Sex, drugs, ‘vices’ depict hippie culture in drama

Arthur Aumann

A drug-fueled adventure of a man searching for his ex-girlfriend — or what sounds like an average Friday night in DeKalb — is the subject of the film “Inherent Vice,” released Jan. 9.

Joaquin Phoenix stars as Larry “Doc” Sportello, a befuddled pothead and private investigator who is dragged into a web of infidelity and mystery by his ex-girlfriend Shasta, played by Katherine Waterston. Shasta warns Doc that her current boyfriend’s wife and her illicit lover are planning a scheme to rob Shasta’s boyfriend, Mickey Wolfmann, of all his money, and they want to cut her in on it.

Shortly after, Shasta goes missing and Doc investigates her disappearance, navigating through drug-infested ’70s California in search of answers. His search leads him to a brothel, a real estate mogul, a broken family and a drug cartel.

In a film filled with eccentric performances, Josh Brolin has the best as “Bigfoot” Bjornsen, a Los Angeles detective who has an unconventionally ambiguous relationship with Doc. Bigfoot ranges from trusting Doc as a colleague to actively finding ways to screw him over.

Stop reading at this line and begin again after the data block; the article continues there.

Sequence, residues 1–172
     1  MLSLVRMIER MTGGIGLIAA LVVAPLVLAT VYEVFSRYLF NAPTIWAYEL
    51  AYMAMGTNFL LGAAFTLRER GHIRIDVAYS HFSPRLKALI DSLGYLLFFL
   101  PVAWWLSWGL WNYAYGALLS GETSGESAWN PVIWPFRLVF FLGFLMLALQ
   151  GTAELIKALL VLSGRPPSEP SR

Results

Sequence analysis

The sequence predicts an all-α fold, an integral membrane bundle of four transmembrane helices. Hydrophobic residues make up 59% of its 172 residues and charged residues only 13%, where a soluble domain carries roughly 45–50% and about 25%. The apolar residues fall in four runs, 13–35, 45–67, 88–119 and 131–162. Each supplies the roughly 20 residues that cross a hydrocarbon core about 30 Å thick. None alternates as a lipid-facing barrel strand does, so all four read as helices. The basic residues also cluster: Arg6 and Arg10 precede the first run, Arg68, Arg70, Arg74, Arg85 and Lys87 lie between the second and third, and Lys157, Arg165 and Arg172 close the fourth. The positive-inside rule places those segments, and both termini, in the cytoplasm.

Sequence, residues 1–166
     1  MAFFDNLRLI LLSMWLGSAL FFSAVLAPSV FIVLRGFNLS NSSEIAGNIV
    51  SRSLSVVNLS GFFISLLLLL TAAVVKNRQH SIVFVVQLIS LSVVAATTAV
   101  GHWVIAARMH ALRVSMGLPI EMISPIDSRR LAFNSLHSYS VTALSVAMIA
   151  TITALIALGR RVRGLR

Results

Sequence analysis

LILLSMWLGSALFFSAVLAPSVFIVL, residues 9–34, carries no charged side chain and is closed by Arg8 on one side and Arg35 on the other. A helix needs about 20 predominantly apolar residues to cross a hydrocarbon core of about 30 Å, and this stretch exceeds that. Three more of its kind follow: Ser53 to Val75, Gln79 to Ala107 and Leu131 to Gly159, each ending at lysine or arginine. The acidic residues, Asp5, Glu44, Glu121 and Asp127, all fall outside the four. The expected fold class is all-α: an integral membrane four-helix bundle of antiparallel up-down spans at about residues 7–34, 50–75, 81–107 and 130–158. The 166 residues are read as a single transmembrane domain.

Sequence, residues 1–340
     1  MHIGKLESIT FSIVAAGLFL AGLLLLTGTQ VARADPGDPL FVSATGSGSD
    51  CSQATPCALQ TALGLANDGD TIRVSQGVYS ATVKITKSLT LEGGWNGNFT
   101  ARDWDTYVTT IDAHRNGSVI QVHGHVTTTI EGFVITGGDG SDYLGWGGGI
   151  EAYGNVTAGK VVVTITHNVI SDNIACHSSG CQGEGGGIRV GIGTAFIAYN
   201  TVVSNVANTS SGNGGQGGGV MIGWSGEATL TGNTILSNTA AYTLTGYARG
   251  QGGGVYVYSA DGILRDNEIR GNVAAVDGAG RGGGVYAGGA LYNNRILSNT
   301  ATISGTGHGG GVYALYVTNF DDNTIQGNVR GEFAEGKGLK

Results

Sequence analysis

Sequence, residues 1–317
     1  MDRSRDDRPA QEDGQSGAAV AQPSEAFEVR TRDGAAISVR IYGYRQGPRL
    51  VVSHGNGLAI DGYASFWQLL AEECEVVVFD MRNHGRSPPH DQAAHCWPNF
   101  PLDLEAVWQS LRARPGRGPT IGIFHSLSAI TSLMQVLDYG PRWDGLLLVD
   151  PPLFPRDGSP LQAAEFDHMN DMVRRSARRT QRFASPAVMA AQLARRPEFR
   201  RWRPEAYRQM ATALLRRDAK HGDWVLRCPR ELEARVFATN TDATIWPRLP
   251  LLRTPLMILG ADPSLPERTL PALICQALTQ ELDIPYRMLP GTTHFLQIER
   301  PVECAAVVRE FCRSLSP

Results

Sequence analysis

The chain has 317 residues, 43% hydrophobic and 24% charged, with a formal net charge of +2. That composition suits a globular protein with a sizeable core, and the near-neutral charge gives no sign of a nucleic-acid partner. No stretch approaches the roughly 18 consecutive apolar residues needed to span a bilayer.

Michael K. Williams and Reese Witherspoon also have brief, forgettable appearances as a black supremacist convict and a lawyer, respectively.

The film does an excellent job of capturing the cultural zeitgeist of the hippie and drug movement of the ’70s. Jonny Greenwood’s score is fantastic and his blend of classic and contemporary music perfectly captures the atmosphere of California hippie culture in the ’70s.

The script is a different story; while I didn’t read Thomas Pynchon’s novel, which the movie is based on, I can’t imagine the book is as hard to follow as the film is at times. Too many convoluted subplots and quasi-insignificant characters in the film can frustrate and confuse audiences. The movie ends on a kind of bittersweet note and doesn’t really leave anything solid to take away.

The script isn’t a weakness of the film, but the haziness of the world director Paul Thomas Anderson has created just won’t be as accessible for average moviegoers who could easily view “Inherent Vice” as nothing more than a psychedelic sex comedy. The film does a better job of portraying the mood and tone of the era than it does satisfying the audience with answers.

Anderson’s sense of humor is an acquired taste; for those not familiar with it, “Inherent Vice” probably isn’t the best place to start. For fans of Anderson’s previous works such as “Magnolia” or “Boogie Nights,” or for moviegoers who don’t need everything tied up in a perfect Hollywood bow, “Inherent Vice” is a must-see film.